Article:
Westerfeld, Scott 1963–
Westerfeld, Scott 1963–
Born 1963, in TX; married Justine Larbalestier (a researcher and writer). Education: Attended Vassar College and New York University.
Home—New York, NY; Sydney, Australia. Agent—Jill Grinberg, Jill Grinberg Literary Management, 244 5th Ave., 11th Fl., New York, NY 10001. E-mail—[email protected]
Writer, composer, ghost writer, short-story writer, and media designer.
Philip K. Dick Award special citation, 2000.
The Secret Hour, Eos (New York, NY), 2004.
Touching Darkness, Eos (New York, NY), 2005.
Blue Noon, Eos (New York, NY), 2006.
Uglies, Simon Pulse (New York, NY), 2005.
Pretties, Simon Pulse (New York, NY), 2005.
Specials, Simon Pulse (New York, NY), 2006.
Extras, Simon Pulse (New York, NY), 2007.
SCIENCE FICTION NOVELS
Polymorph, Penguin (New York, NY), 1997.
Fine Prey, Penguin (New York, NY), 1998.
Evolution's Darling, Four Walls Eight Windows (New York, NY), 1999.
The Killing of Worlds, Tor (New York, NY), 2003.
The Risen Empire, Tor (New York, NY), 2003.
So Yesterday, Razorbill (New York, NY), 2004.
Peeps, Razorbill (New York, NY), 2005.
The Last Days, Razorbill (New York, NY), 2006.
The Berlin Airlift, Silver Burdett (Englewood Cliffs, NJ), 1989.
Watergate, Silver Burdett (Englewood Cliffs, NJ), 1991.
Blossom vs. the Blasteroid, Scholastic (New York, NY), 2002.
Diamonds Are for Princess, Scholastic (New York, NY), 2002.
Rainy Day Professor, Scholastic (New York, NY), 2002.
Scott Westerfeld is a writer, composer, and media designer. His musical compositions have been performed in dance productions both in the United States and in Europe. He has also created numerous educational software programs for children. He has worked as a ghostwriter, and has published children's books, as well as short stories and novels for adults.
Reviewers have characterized Westerfeld's science fiction novels as "space opera," which Gerald, writing in the New York Times book Review defined as "far-future narratives that encompass entire galaxies and move confidently among competing planets and cultures, both human and otherwise." In an interview on the Penguin publisher's Web site, Westerfeld defined science fiction as "a way of writing (and of reading) which utilizes the power of extrapolation. It expands both the real world … and the literary. In regular fiction, you might be alienated. In [science fiction], you're an alien."
Westerfeld's first science-fiction novel, Polymorph, explores identity and sexual issues with a title character who is able to change gender and appearance. In his Penguin interview, Westerfeld explained how his move to New York City inspired the idea for the story. "When I first moved to New York in the 1980s, I was amazed that it was such a richly textured city: layers of graffiti, legacies of immigrant influences, overlapping strata of big money and extreme poverty. To explore it all, you'd have to be a polymorph." Praising Polymorph, John Mort, in Booklist, called Westerfeld "a writer to watch."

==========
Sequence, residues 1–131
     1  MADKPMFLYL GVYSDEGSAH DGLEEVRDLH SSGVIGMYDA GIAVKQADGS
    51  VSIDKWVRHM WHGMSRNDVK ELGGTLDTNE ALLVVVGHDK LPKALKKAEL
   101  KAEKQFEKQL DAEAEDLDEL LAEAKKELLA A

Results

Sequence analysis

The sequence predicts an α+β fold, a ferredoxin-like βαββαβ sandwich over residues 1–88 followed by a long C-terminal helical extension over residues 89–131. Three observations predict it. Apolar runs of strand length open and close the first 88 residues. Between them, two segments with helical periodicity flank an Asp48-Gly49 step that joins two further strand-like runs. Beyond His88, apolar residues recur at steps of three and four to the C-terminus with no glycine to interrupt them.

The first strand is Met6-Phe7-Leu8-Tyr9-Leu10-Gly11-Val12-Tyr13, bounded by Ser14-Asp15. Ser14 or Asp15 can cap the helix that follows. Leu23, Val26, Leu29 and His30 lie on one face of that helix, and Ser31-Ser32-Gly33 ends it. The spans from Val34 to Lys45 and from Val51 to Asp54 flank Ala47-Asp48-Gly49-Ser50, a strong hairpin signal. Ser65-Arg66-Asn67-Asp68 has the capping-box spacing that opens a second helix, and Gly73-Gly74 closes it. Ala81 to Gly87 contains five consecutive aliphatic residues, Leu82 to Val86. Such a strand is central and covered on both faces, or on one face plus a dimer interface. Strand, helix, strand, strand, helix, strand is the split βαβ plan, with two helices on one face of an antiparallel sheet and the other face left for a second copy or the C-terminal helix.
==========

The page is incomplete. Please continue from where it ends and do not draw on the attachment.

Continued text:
Evolution's Darling, which earned its author a Philip K. Dick Award special citation, and Notable Book status from the New York Times, tells the story of Darling, an artificial intelligence who evolves into a sentient being through a relationship with a teenage girl. The reader follows Darling as the character becomes a galactic art dealer and develops a relationship with Mira, a hightech killer. Trevor Dodge, writing in the Review of Contemporary Fiction, stated that Westerfeld challenges the reader to "ponder if a machine can be made human, and if so, what purpose humanity would serve."
Discussing Westerfeld's work within the context of the challenges inherent in writing science fiction, Jonas commented in the New York Times Book Review that "to master such material and still bring to life characters with recognizable emotions and aspirations is a challenge few writers care to take on. Westerfeld succeeds admirably."
Hunter, the seventeen-year-old protagonist of So Yesterday, spends his time working for a well-known sports show company, seeking out the newest fads, trends, and things that are "cool" on the streets of New York. When he notices a girl named Jen, he realizes that her unique shoe-lacing technique makes her an Innovator, a person who originates trends, whereas he is a Trendsetter, who adopts the trends and makes them cool. Hunter takes a photo of the laces, and when his boss, Mandy, sees them, she invites Hunter and Jen to a brainstorming session. However, when the two teens arrive at the large warehouse where the meeting was supposed to occur, Mandy is not there; they find only her cell phone, ominously ringing in the absence of its owner. Danger becomes more real when they realize a radical group, with the apparent mission of dealing grassroots damage to large corporations, has kidnapped Mandy. Soon, Hunter and Jen are on Mandy's trail, dodging the mounting danger and racing against time to save her. A Kirkus Reviews contributor called Hunter "a charming narrator with an original take on teen life." Westerfeld's "entertaining adventure doubles as a smart critique on marketing and our consumer culture," observed a Publishers Weekly critic.